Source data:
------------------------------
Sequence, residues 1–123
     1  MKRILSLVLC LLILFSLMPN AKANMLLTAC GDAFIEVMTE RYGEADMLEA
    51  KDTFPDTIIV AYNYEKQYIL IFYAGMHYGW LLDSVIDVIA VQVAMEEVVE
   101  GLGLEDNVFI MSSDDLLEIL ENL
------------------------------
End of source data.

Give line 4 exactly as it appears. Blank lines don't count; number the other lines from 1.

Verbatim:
   101  GLGLEDNVFI MSSDDLLEIL ENL